Dot that link just looks like a service provided to an smfs already in place….eg the cash component or term deposit already in the smsf

    so “um? read the link I suppose” doesnt quite answer the question grumpy

  7. John Mc

    Hey dot, if you trade the shares within the ING Direct Living Super, what is the tax situation with capital gains?

  8. .

    Alice did you try the other links?

    http://www.ingdirect.com.au/super_and_retirement/living_super/how_it_works.htm

    You have to be careful about what you recommend. All I’m saying is the paperwork was non existent and that is what threw me off a regular SMSF.

    I chose the shares option.

    http://www.ingdirect.com.au/super_and_retirement/living_super/where_are_the_fees.htm

  9. .

    Hey dot, if you trade the shares within the ING Direct Living Super, what is the tax situation with capital gains?

    Seek qualified advice, as will I.

  10. Keith

    A proposal for an independent chairman was unanimously voted down at the News AGM…

    Does not compute. If First Super was for the proposal, how is the vote unanimously against?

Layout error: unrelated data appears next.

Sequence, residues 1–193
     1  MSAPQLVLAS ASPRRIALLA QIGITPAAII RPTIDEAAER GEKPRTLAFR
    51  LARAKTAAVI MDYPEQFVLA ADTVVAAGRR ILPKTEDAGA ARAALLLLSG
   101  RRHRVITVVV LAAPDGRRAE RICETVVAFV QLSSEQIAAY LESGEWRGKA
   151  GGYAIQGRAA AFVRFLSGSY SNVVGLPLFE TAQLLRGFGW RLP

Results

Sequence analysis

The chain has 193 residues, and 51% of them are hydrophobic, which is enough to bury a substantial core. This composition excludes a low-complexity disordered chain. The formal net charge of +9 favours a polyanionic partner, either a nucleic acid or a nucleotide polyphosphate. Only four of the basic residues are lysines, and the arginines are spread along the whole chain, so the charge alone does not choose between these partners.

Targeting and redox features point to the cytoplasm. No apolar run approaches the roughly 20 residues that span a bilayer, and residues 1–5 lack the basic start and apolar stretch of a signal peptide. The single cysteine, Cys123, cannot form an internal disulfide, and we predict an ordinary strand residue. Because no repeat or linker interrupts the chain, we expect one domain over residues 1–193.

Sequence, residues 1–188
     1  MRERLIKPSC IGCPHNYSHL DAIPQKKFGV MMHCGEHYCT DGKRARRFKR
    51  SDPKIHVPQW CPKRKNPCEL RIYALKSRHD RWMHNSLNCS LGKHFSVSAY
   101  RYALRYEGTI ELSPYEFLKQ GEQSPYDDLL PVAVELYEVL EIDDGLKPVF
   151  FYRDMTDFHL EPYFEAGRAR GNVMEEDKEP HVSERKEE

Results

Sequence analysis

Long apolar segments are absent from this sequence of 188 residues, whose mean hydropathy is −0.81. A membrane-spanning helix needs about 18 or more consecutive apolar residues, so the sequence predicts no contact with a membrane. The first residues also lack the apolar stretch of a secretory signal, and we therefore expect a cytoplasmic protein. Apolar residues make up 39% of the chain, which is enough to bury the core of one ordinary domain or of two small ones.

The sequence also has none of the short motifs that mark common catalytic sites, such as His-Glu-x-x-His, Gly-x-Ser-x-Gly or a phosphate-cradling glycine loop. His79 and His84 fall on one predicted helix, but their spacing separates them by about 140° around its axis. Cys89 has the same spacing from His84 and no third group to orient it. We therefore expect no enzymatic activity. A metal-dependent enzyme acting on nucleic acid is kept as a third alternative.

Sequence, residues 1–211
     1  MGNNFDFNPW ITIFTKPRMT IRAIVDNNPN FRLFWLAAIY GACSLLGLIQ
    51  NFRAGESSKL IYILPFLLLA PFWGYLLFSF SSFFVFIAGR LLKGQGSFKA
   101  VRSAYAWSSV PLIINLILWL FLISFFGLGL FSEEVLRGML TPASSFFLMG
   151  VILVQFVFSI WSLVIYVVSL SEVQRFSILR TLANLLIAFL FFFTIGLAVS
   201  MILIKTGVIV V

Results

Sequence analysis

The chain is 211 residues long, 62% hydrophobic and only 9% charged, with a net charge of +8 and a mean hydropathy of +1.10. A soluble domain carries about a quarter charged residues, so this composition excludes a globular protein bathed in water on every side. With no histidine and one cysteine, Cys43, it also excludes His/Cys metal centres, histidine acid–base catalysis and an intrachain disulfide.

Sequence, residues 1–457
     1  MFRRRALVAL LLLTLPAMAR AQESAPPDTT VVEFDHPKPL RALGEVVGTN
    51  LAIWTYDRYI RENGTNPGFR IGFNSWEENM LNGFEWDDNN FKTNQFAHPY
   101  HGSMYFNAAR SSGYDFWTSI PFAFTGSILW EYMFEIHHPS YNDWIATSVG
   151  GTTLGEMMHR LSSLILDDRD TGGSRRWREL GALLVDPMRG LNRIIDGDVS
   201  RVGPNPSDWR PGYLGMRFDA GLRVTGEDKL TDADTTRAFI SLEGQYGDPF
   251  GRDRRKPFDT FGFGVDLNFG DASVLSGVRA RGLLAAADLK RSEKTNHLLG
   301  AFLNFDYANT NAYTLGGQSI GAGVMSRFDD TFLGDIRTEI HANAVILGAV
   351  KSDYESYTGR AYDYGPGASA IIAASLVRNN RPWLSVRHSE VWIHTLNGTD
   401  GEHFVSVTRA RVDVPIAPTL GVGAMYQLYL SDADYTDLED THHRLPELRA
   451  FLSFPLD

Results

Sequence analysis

Didn’t they bother voting? Holding non-voting shares? What?

  11. stackja

    Sex abuse inquiry just arrived in time is seems to take the attention off of labor mates. One day an inquiry into all the labor mates will show not just NSW ALP has problems.

  12. stevo

    I recently completed an MBA-type course at a major-australian-university and several lecturers seemed fixated on these alleged issues at newscorp.

    I took a look at newscorp financials and though i am financially quite uneducated they looked pretty acceptable over the long term to me, in comparison to other corps. When I let my opinion be known there ensued a barrage of scorn, mostly on the grounds of some vague notion of ‘inappropriate immorality’. There’s a good chance I lost some marks due to my opinion.